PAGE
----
Permission denied publickey fatal Could not read from remote repository
I encountered a problem when trying to git clone a repository from an LXD Linux Container running on Windows Subsystem for Linux (WSL). After discovering the container was running in unprivileged mode, I changed it to privileged mode with the lxc config command and rebooted. This fixed the file permissions issue and allowed me to successfully git clone the repository. Read more about my experience and how I solved the problem.
Git Cloning Solved After Changing LXD Linux Container to Privileged Mode
By Michael Levin
Friday, November 4, 2022
Trying to git clone and getting the error message:
Permission denied (publickey). fatal: Could not read from remote repository.
Please make sure you have the correct access rights and the repository exists.
Well then you’re in luck! You’ve come to the right place. I show you how to fix that problem and put your public key id_rsa.pub file in location in Github.com / Settings / SSH and GPG keys AND I show you how to do it in the context of a privileged LXD Linux Container running under Windows Subsystem for Linux (WSL) running under Windows 10 or 11.
This sets the stage for me git cloning a number of repos into the LXD SEO Dev platform I’m preparing.
lxc config show – expanded container security:privileged=true
Follow up on yesterday’s video regarding LXD privileged containers.
Show with the wsl powershell command:
lxc config show --expanded jupyter
…that you are in privileged mode by finding “security.privileged: true”
Then go into the container and show some permissions.
Then use sudo chown to change some permissions.
Set the stage for the next video with the .ssh keys, but don’t go there yet. Too much for one video!
Let’s do ssh-keygen!
Sometimes you don’t know what you don’t know until mysterious obstacles are thrown up in your face that are hard to recognize and you don’t even realize are a symptom if something wrong. This was the case recently with my taking up of LXD Linux Containers as my primary new platform to develop on, employ to, and distribute as tools. The problem arose when it came time to pull down git repos from Github from within the container. Simple enough but full of nested gotcha.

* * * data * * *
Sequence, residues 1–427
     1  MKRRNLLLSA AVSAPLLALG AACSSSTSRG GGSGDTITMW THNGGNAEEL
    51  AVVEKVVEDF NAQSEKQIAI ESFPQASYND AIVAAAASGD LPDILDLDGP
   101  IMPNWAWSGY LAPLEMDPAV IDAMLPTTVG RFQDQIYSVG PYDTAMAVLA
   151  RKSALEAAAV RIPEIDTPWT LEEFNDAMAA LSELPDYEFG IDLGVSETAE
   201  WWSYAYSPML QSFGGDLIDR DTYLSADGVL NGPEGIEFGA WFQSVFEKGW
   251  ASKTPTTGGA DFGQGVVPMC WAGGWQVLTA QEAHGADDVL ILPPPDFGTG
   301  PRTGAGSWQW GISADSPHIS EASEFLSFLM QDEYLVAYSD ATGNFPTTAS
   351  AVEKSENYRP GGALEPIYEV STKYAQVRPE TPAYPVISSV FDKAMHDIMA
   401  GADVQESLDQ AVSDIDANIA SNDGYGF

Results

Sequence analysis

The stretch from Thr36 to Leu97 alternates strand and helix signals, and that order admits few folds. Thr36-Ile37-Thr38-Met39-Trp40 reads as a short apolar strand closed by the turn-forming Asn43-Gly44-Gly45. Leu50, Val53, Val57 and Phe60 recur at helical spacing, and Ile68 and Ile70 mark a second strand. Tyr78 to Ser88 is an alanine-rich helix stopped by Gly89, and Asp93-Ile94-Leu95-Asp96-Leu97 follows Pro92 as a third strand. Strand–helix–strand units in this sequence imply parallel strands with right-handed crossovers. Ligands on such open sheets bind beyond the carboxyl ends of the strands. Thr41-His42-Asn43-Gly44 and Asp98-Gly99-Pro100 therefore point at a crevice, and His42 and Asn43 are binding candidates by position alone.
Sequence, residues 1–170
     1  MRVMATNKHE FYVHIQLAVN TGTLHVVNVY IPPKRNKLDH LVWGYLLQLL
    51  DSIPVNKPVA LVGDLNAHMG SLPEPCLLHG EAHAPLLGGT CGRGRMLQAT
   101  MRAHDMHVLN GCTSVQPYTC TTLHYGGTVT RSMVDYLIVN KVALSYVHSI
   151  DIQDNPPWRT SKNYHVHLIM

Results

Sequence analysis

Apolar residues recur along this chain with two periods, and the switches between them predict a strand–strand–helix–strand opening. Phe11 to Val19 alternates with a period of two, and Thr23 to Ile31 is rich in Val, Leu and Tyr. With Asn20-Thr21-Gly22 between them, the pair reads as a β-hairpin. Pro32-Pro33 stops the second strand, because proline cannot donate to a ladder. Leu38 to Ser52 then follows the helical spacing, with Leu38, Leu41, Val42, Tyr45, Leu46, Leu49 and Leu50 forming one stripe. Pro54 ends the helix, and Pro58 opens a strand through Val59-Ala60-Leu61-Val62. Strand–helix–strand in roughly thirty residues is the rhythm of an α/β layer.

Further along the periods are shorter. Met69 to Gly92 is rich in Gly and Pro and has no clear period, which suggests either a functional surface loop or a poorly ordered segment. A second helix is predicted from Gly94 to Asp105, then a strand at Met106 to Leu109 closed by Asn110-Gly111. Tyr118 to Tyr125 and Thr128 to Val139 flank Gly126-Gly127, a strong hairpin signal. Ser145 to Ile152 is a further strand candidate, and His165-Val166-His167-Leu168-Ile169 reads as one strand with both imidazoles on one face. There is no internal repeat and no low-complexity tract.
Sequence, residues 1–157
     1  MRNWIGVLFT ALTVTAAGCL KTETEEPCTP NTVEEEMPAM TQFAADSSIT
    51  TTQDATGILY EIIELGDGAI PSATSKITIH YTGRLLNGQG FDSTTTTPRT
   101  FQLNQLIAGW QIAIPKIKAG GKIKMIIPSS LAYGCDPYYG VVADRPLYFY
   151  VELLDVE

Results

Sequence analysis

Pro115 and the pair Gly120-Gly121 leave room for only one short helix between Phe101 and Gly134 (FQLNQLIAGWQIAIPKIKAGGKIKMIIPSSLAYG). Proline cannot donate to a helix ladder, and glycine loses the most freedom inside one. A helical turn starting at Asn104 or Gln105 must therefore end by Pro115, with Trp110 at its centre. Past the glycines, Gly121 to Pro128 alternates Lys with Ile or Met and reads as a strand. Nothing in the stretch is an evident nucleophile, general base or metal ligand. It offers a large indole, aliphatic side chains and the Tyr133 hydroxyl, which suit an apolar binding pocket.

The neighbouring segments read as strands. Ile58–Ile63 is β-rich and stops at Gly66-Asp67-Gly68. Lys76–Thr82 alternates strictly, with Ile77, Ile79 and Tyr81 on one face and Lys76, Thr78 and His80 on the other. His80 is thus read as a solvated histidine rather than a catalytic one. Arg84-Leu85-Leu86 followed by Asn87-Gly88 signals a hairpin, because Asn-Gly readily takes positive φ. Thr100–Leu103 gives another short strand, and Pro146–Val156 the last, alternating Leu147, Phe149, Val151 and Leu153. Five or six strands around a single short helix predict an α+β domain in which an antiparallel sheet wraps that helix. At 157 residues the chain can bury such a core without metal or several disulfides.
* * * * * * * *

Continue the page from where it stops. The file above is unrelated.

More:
First it must be pointed out that I’m endeavoring to keep resources that would normally have to be copied into multiple locations actually only in one location and just link all the other locations back to this main copy. And the main copy is usually directly under Windows in such locations that we know as C:\Users[windowsusername].ssh, C:\Users[windowsusername]\repos and such. This way Windows has access, the Windows subsystem for Linux has access through its /mnt/c/[windowsusername] convention. With further “lxc config” commands access trickles all the way down to the .ssh folder of the Linux container under WSL under Windows.
Good news so far. This all worked out. But what didn’t work out was git cloning from the container. The .ssh id_rsa files were there but not fully accessible due to file permissions. Where you normally see users and groups such as ubuntu, I was seeing user nobody in group nogroup. No amount of chown and chmod variation attempts could fix this, and so through sheer immersion using software defaults, I “felt out” lurking security issues that blocked my plans. But it’s an easy to identify and explain symptom and I couldn’t be the first encountering it, right? So I Google up the issue of privileged LXD containers (the original default) versus unprivileged containers (the new default).
Wit this to go on I threw in the single lxc config command required to start the container up in privileged mode. I learned how to confirm this fact with another lxc command, but didn’t see the results I expected until after a full reboot. Once I rebooted (I could have probably just used “wsl –shutdown”) the nobody nogroup file ownership was replaced by ubuntu ubuntu as expected, and chown and chmod started working. Woot! Detective work is always necessary, and sometimes it’s just to figure out the greater context under which you’re working. Your reality may be different than you think and changing your reality may be one simple command.